That he was generous and ready to communicate, I can testify from my own experience. He was ready to bear his part of the expense of those designs, public and private, which he esteemed useful: and he was given to hospitality.

As he was a professor of religion, so he was not ashamed to befriend it, to appear openly on the Lord’s side, or to avow and defend the peculiar doctrines of grace. He was exemplary in attending all the institutions of the gospel, in the practice of virtue in general and in showing himself friendly to all good men. Therefore in his death, virtue, religion and good men have sustained the loss of a sincere, an able and a bold friend, a friend who was in an elevated situation, and who was therefore by his countenance and support able to afford them the more effectual aid.

In private life, though he was naturally reserved and of few words, yet in conversation on matters of importance, he was free and communicative. With all his elevation and all his honors, he was not at all lifted up, but appeared perfectly unmoved.

In the private relations of husband, father, friend &c. he was entirely kind, affectionate, faithful and constant.

In short, whether we consider him in public or private life; whether we consider him as a politician or a Christian, h he was a great and a good man? The words of David concerning Abner may with great truth be applied on this occasion; Know ye not, that there is a great man fallen this day in Israel?

To have sustained so many and so important public offices, and to have uniformly sustained them with honor and reputation; to have maintained an amiable character in every private relation; to have been an ornament to Christianity and to have died in a good old age, in the full possession of all his honors, and of his powers both of body and mind, is a very rare attainment and a very happy juncture of circumstances.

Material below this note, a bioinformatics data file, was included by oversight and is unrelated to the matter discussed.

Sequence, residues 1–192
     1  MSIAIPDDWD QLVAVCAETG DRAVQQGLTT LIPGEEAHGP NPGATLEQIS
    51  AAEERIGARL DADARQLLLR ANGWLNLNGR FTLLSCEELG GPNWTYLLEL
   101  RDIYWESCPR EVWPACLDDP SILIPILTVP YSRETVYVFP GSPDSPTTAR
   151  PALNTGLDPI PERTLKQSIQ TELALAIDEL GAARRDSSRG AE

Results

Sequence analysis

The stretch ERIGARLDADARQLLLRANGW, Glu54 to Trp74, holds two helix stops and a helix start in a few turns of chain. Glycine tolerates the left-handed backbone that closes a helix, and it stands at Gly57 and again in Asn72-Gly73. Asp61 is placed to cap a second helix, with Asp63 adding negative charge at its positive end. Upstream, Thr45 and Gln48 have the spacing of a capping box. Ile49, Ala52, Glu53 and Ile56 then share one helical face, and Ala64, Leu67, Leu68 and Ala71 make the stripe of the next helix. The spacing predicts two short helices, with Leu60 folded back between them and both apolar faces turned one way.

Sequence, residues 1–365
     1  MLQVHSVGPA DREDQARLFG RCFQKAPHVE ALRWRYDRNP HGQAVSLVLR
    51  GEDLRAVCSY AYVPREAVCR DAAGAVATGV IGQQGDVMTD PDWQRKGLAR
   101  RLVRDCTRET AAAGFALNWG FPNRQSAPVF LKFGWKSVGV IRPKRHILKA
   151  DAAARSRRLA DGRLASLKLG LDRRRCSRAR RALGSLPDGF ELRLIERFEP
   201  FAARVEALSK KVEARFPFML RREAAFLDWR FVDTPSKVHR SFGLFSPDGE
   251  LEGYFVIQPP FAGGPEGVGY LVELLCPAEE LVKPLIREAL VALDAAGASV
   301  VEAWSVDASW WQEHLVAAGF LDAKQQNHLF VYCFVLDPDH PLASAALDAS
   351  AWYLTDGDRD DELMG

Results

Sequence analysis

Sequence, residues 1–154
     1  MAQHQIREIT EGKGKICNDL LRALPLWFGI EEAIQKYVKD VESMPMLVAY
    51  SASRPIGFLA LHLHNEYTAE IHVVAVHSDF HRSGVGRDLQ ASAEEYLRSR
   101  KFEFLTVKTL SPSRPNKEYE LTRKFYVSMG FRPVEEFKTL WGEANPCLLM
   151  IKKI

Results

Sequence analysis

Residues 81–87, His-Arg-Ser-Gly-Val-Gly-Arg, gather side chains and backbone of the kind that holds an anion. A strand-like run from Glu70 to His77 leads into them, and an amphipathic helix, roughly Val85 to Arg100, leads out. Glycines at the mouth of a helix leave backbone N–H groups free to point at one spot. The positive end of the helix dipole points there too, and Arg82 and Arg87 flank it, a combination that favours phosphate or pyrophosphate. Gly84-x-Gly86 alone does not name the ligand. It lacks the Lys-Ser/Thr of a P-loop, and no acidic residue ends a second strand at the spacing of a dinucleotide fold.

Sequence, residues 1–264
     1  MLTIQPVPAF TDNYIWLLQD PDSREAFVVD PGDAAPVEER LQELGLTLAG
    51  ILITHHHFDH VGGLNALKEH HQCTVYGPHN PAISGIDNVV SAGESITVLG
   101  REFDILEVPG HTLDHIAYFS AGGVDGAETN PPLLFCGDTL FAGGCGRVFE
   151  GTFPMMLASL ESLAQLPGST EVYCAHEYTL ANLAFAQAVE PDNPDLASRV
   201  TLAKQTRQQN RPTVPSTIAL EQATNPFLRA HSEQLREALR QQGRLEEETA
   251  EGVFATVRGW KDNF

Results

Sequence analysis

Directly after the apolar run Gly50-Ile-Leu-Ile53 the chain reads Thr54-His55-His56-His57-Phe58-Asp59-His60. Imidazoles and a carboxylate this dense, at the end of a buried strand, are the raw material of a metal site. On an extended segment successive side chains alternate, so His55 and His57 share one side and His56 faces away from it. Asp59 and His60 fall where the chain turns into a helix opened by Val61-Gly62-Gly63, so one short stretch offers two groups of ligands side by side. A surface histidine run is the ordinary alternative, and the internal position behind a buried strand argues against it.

From this brief survey of the character of this our excellent friend, we see our loss and how great are the tokens of divine displeasure, which we suffer this day. The loss is great to our whole country, the United States, for he was still capable of eminent usefulness. It is great to this State; it is great to this city, of which he was the first magistrate; it is still greater to this church and society, of which he was so amiable, eminent and useful a member; but it is greatest of all to his family.

Yet there are not wanting motives of consolation in these cases. God lives and reigns; let us make up our refuge and our strength, he is able to help us in all our trouble. He is able to take care of the United States, of this State, of this City, of this church and society and of the bereaved family. The direction of God himself is, Leave your fatherless children, I will preserve them alive, and let your widows trust in me. The death of this our friend may be designed in mercy to his children : it may be designed to lead them to think more of death and the eternal world, and more of the necessity of preparation for death, and to exite them actually to prepare, by choosing God for their father and by making him their refuge and strength. Thus their present loss, thought great, may be the happy mean of their unspeakable gain. Also it may lead the widow to rely more on her Creator.

May not only the bereaved widow and Children make such an improvement of this afflictive dispensation, but may we all do the same; that when death shall overtake us, as it will very soon, we may have God for our father and friend to conduct us safe through the valley of the shadow of death and afterward to receive us to glory.



Endnotes

1. Hence With great propriety the poet speaking of the declaration of independence by Congress, in which Mr. Sherman acted a distinguished part, says,

The self taught Sherman urged his reasons clear.

Humphreys’ Poems. (Return)